Federal Bureau of Investigation experts were examining remnants of the two devices that went off in Chelsea and Seaside Park, New Jersey, some 80 miles (130 km) south of New York City, as well as the third undetonated device. That third device was built in a pressure cooker, the same bomb design that killed three people and wounded more than 260 in the 2013 Boston Marathon bombing.

A law enforcement official who spoke on condition of anonymity said investigators considered it very strange that similar devices would be planted adjoining states on the same day.

No one was hurt by the New Jersey pipe bomb.

Both presidential candidates spoke out about the attacks, with Democrat Hillary Clinton on Sunday issuing a statement condemning "the apparent terrorist attacks." On Saturday, Republican Donald Trump said following the New York blast: "We better get very tough, folks."

The United States has experienced a series of deadly attacks over the past year by gunmen inspired by Islamic State, which has been fighting a long civil war in Syria. A man who claimed allegiance to the group fatally shot 50 people at an Orlando, Florida, nightclub in June, six months after a married couple massacred 14 in San Bernardino, California.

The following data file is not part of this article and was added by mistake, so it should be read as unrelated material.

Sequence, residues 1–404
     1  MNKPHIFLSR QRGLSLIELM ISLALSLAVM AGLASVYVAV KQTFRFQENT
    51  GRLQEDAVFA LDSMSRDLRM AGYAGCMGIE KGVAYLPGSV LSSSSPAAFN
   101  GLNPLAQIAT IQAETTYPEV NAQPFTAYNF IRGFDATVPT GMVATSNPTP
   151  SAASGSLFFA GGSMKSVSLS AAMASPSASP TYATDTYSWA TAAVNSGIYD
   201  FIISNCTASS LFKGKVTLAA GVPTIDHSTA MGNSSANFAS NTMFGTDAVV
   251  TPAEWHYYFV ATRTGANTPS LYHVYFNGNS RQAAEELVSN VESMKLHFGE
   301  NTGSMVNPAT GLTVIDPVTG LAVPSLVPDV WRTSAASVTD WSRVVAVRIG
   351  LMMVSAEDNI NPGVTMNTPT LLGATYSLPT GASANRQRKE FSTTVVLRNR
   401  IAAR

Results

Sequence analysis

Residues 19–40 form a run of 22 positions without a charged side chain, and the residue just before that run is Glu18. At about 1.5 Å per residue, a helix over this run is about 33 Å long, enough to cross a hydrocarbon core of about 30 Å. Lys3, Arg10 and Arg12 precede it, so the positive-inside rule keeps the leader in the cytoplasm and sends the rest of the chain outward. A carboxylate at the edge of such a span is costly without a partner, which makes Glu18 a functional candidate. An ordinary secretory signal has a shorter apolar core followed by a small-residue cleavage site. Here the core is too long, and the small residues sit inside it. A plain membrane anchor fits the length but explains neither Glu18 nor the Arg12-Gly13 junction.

All of the New York victims had been released from the hospital by Sunday, Mayor Bill de Blasio said. Three of the people wounded in Minnesota remained in the hospital on Sunday, although their injuries were not considered life-threatening, St. Cloud Mayor Dave Kleis told a news conference.

RELATED: See images from the scene in New Jersey

8 PHOTOS
Pipe bomb explodes near NJ race
See Gallery
Pipe bomb explodes near NJ race
Very loud explosion at Semper 5K in Seaside Park at E Street. OMG #explosion #seasidepark https://t.co/4K5V7gXpy8
Seaside Park Police at the scene. #seasidepark'sfinest https://t.co/Ci8chr9YZp
Look at black can. Hole in side. Explosion 9:30ish. There is also a backpack Seaside Park police are checking out https://t.co/JtEXuVZM7J
Possible Pipe Bomb Explodes in Garbage Can near Jersey Shore Boardwalk: https://t.co/Q7X5Y2JCFd https://t.co/euJqehfmha